In Western cinematic productions, the producers do not know anything about Muslim women and they just try to reflect these characters in line with their point of view, according to Navid Akhtar, CEO of the online video streaming service Alchemiya. In an interview with AA, the CEO said that the perspective of Western producers regarding Muslim women is not accurate.

Mina El Hammani as Nadia in a still shot from 'Elite.'
Mina El Hammani as Nadia in a still shot from “Elite.”

The distorted representation of Muslim women in films and TV series can resemble Orientalists paintings of the Ottoman era, according to Bostan. Though these artists had never seen the harem, they created many masterpieces depicting harem life. However, these depictions were no more than their personal fantasies.

In the West, there is actually a general discourse about Muslim women posing a threat to secular traditions and values of freedom. And the problematic reflection of these women on screen just shows the power of media in affirming the otherness of Muslim women in that general discourse.

Is an alternative possible?

Netflix is one of the platforms that attract the most reactions to its TV series and movies featuring stereotypical, distorted representations of Muslim women. I remember seeing “The Bodyguard” and “Elite” on the platform at nearly the same time. While the first one is a thriller about a war veteran who is assigned to protect a politician, the second one is a Spanish teen drama. But the very disturbing representation of Muslim women was a commonality of both productions and it was etched into my memory.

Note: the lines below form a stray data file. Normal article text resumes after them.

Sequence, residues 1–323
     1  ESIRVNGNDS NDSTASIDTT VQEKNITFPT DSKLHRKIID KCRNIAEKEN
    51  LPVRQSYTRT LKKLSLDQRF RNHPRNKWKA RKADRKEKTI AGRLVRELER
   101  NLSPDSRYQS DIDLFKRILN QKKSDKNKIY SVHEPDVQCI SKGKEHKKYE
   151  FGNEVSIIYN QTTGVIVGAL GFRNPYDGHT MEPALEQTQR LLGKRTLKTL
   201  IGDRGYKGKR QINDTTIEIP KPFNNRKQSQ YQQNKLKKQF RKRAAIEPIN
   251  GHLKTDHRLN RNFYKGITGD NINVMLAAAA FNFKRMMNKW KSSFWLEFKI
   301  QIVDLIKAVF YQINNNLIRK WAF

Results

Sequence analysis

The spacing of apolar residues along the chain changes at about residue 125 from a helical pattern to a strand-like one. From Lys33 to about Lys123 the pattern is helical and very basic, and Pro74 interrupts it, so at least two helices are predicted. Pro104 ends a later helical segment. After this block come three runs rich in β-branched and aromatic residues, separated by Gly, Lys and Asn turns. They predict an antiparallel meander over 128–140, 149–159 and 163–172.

In “The Bodyguard,” Anjli Mohindra portrays a hijabi woman named Nadia and she is portrayed in a totally stereotypical way. Dressed in a black scarf, Nadia appeared to have been brainwashed by her husband into killing herself. But she is later rescued by the lead actor Richard Madden. I initially thought that she was depicted as a manipulated character saved by a white, male hero, but it turns out that she was the terrorist mastermind behind all subsequent attacks that unfolded during the series. Namely, she reflected the menacing stereotype.

Mina El Hammani as Nadia in a still shot from 'Elite.'
Mina El Hammani as Nadia in a still shot from “Elite.”

When it comes to “Elite,” we see another girl named Nadia. This intelligent scholarship student wears a hijab in the first season of the series, and then the second season shows her removing her hijab and walking into a bar with a very sexy look. The problem here is not whether she wears a hijab or not (as this is completely a woman’s personal decision) but the series clearly implies that Nadia became free only after removing her hijab.

While many similar problematic depictions capture media attention, the Muslim world should depict themselves in a proper way by producing their own films and series, according to Akhtar. “We cannot control media. We are making perhaps only 5% of Hollywood. From the Muslim perspective, we do not spend enough money and do not train enough people in the cinema sector.”

Many other cinema professionals think the same as Akhtar on this issue. For example, actor Riz Ahmed, the first Muslim nominated for best actor at the Academy Awards, launched an initiative with many partners to improve the way Muslims are depicted in movies after the Annenberg Inclusion Initiative’s study revealed that they rarely appear in films and, if they do, they are portrayed in a negative light. Hope to see more attempts to improve the depiction of Muslims and Muslim women on screen!